In a small untitled woodblock print, a man struggles under the weight of a basket of coal on his back; next to it, Small Mine (1950) is a drab, cubist-style landscape painting, dotted with murky smokestacks. Included in a room dedicated to the work of Takeo Tomiyama, these works are her attempts to document the miners of Japan’s Kyushu island; accompanying wall texts describe her frustration with the effectiveness of the results. They make a nice rhyme with Jeremy Deller’s The Battle of Orgreave (2001) screening in the adjacent room, which is a reenactment of a conflict between miners and police during the 1984 UK miners’ strikes, the bemused spectators visible at the edges of the frame. The scene is echoed on the other side of the building, in Your Bros. Filmmaking Group’s installation Ký Túc Xá (Dorm, 2023–24), based on a 2018 incident of Vietnamese workers in Taipei going on strike. A room crowded with a maze of bunkbeds is strewn with handdrawn cardboard signs in Vietnamese; one of the television sets dotting the room shows a group of women lining up, facing the camera. ‘We don’t want to act for you’, a subtitle reads; they then proceed to reenact a strike meeting. Here, history is a poignant, necessary spectacle to be replayed again and again. But where does all of this time-hopping actually leave us?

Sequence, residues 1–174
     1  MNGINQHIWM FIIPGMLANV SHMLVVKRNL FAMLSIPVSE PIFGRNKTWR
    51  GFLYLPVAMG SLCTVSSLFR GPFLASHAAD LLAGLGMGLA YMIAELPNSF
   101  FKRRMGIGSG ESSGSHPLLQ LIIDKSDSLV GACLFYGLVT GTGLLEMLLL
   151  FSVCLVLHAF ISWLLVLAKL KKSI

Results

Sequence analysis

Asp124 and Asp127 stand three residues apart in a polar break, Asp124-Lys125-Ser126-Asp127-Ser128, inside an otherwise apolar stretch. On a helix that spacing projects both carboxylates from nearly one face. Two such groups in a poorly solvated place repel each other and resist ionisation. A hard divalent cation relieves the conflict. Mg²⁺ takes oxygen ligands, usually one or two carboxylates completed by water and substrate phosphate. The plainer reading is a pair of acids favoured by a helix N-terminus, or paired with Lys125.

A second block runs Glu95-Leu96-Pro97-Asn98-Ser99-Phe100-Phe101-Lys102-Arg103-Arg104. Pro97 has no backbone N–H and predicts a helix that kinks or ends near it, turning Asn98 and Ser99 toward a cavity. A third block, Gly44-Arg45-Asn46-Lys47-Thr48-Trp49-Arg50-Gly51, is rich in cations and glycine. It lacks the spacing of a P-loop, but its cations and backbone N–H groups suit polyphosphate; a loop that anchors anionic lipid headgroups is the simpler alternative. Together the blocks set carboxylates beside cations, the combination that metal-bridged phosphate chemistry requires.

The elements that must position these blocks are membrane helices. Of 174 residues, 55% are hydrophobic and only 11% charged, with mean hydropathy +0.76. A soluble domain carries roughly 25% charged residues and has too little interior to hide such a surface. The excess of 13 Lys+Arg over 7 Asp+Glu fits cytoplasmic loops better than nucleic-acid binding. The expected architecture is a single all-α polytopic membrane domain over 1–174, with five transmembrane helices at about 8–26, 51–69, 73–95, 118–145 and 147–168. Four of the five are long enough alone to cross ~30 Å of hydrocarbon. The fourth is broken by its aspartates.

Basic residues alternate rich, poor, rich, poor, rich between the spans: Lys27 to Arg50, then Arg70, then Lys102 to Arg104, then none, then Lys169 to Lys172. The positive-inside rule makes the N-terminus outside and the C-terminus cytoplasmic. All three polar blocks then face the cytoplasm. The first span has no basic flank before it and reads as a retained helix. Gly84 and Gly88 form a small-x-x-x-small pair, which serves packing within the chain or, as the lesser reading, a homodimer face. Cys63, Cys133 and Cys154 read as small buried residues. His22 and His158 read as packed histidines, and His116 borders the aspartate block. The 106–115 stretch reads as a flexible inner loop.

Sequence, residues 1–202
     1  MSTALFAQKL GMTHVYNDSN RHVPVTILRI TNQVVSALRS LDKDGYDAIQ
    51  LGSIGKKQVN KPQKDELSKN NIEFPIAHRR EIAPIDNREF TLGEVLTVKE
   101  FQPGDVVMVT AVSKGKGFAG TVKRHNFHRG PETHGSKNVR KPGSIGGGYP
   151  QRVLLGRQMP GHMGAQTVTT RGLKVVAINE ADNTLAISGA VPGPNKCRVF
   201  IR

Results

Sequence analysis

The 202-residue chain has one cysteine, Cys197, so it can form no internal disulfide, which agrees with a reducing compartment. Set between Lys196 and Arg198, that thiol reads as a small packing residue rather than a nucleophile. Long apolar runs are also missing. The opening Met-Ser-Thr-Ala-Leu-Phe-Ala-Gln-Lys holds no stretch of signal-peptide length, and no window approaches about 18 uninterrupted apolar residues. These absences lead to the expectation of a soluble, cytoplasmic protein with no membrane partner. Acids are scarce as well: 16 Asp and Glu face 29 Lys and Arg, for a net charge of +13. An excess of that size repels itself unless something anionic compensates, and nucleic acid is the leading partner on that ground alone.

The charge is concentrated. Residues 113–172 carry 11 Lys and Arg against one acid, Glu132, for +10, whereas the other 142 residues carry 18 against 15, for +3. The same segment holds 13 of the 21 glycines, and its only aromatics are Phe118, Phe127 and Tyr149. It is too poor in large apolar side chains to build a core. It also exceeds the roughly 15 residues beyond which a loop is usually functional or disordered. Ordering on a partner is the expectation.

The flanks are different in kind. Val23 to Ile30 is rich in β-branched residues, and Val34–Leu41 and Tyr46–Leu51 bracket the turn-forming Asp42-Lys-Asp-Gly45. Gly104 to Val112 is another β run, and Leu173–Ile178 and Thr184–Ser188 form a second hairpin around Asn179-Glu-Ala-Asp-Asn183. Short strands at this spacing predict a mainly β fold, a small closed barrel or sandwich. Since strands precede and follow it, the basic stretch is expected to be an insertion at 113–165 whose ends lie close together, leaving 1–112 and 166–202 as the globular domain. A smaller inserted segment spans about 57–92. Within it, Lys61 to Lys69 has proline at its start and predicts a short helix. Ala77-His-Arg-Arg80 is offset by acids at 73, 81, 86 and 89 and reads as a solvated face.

We can only go out the way we came in: through the sparse encampments in the museum’s foyer, as lean-to tents by Joar Nango and Søren Aagaard, haunted by the floating, slouched partial figures made from purple cloth in Sandra Mujinga’s Unearthed Leaves (2024), and the mutant headless glitched figures of Janus and Mars (both 2022) by Miles Greenberg. Humanity as we know it has gone; perhaps it has ‘become soil’. Wild Grass is ultimately a statement of dystopian realism: art reflects its time, and humanity’s time is running out.

Yokohama Triennale: Wild Grass: Our Lives, Various venues, Yokohama, 15 March – 9 June